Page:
John Caldigate
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John Caldigate

3.78 of 5 stars 3.78  ·  rating details  ·  78 ratings  ·  8 reviews
Something more than a month had gone by, and John Caldigate and Mrs. Smith were very close companions. This had not been effected without considerable opposition, partly on the part of Shand, and partly by the ship's inhabitants generally. The inhabitants of the ship were inimical to Mrs. Smith. She was a woman who had no friends; and the very female who had first appeared...more
Paperback, 624 pages
Published July 5th 1994 by Penguin Classics (first published 1879)
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This was one of the last Trollope novels I read. I had put it pretty far down on my to-read list because I thought it was another of his Australian novels, and experience had taught me that whenever Trollope strayed from England as his setting, even to Ireland, his work slipped a notch or two. I was wrong on two counts. First, very little of the novel takes place in Australia. Second, the Australian scenes are well done.

John Caldigate is an Englishman, from a good family, comfortably off but not...more
Interesting plot involving possible bigamy (Trollope does do trials well), but slightly boring characters. I did love the enthusiastic Post Office clerk whose evidence was key to the trial, being as Trollope himself was employed by the Post Office for a long time, and there's a lovely defense of government workers:

"The popular newspaper, the popular member of Parliament, and the popular novelist, — the name of Charles Dickens will of course present itself to the reader who remembers the Circumlo...more
Marts  (Thinker)
Jul 27, 2013 Marts (Thinker) rated it 5 of 5 stars  ·  review of another edition
Recommends it for: Trollope fans and lovers of classic novels...
Shelves: trollope, 2013-reads
As a young man, John Caldigate lives a comfortable life and in time, decides to go to Australia and get involved in the mining industry. He does this and is quite successful, but, some mishaps occur along the way. He meets an attractive woman and though warned about her still becomes involved with her, his friend and partner who becomes a heavy drinker soon goes his own way, after returning home quite well off he gets married and is charged for bigamy, and worst of all he must endure a tedious t...more
This is the 23rd novel by Trollope that I have read. I must say that it is one of my favorites. It was amazingly compelling. The 615 pages flew by.

What is interesting here is that in most of Trollope's long novels there is usually a somewhat involved sub-plot and that is what usually accounts for the length. Not here. This book is purely about John Caldigate, a classic Trollope Hobbledehoy, and his woes.

It features the things I have come to love about Trollope: rich, surprising but inevitable...more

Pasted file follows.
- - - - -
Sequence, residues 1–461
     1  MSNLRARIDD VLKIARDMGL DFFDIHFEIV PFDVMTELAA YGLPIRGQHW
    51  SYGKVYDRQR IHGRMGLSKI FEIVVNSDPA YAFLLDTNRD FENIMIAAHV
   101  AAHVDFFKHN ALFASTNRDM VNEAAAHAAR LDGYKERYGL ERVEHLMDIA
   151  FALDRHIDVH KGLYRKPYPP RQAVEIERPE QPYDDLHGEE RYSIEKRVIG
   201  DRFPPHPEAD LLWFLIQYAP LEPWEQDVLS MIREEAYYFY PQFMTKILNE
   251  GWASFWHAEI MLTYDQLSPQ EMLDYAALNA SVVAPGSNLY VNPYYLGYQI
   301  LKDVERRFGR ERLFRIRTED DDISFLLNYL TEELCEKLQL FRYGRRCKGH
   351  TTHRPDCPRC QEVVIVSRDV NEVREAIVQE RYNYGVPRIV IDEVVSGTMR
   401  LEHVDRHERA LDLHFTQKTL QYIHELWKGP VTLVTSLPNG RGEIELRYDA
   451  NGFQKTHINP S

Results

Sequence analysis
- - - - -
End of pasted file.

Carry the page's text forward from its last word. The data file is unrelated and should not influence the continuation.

Aug 04, 2008 Cormac rated it 3 of 5 stars  ·  review of another edition
Recommends it for: confirmed Trollope lovers
The best part of this novel are the Australian scenes, told with gusto and plenty of local color. The main plot - Caldigate’s trial and conviction for bigamy (and subsequent pardon and release) - drags a bit in its telling; yet it has some very good characterization. Mrs. Bolton’s puritanical fanaticism (which is perhaps over-done) stands in contrast to the dominant Victorian morality which would see wickedness as only truly wicked if it is brought to the public notice.
The highlight of the book...more
Robert J
This little known Trollope novel is actually one of his best. The plot keeps rolling along, exquisitely described as usual, with some unusual twists and turns. Crooked miners, gold-diggers (literally), fevered fundamentalists, lovely innocents, stout-hearted friends, a conspiring brother-in-law, the usual contrast between stupid and smart clergymen, and a reconciled father and son - all part of this worthwhile Victorian read. If you're a Trollope fan, this is a must-read.
An interesting book, especially for its time, given the importance given to common-law marriage, but it seems to be poorly thought-out, suffering from inconsistencies and from a curious failure on Trollope's part to psychologize his characters as fully as normal. Nevertheless, there is some very good work here.
Tabitha Ormiston-Smith
I thought this was one of the best of Trollope's. As well as having his work's usual virtues it is gut-wrenchingly exciting.
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Exploring Anthony...: John Caldigate 1 1 Dec 17, 2013 10:28AM  
Anthony Trollope became one of the most successful, prolific and respected English novelists of the Victorian era. Some of Trollope's best-loved works, known as the Chronicles of Barsetshire, revolve around the imaginary county of Barsetshire; he also wrote penetrating novels on political, social, and gender issues and conflicts of his day.

Trollope has always been a popular novelist. Noted fans ha...more
More about Anthony Trollope...
The Way We Live Now Barchester Towers (Barchester Chronicles #2) The Warden Phineas Finn Can You Forgive Her? (Palliser, #1)

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